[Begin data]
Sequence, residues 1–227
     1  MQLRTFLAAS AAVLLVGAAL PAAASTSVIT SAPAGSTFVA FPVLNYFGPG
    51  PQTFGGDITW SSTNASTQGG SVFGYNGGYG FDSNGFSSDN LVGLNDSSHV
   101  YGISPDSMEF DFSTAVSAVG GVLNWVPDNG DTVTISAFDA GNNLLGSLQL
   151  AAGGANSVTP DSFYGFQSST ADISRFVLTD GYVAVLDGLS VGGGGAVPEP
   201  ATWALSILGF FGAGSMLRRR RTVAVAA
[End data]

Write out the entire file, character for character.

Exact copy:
Sequence, residues 1–227
     1  MQLRTFLAAS AAVLLVGAAL PAAASTSVIT SAPAGSTFVA FPVLNYFGPG
    51  PQTFGGDITW SSTNASTQGG SVFGYNGGYG FDSNGFSSDN LVGLNDSSHV
   101  YGISPDSMEF DFSTAVSAVG GVLNWVPDNG DTVTISAFDA GNNLLGSLQL
   151  AAGGANSVTP DSFYGFQSST ADISRFVLTD GYVAVLDGLS VGGGGAVPEP
   201  ATWALSILGF FGAGSMLRRR RTVAVAA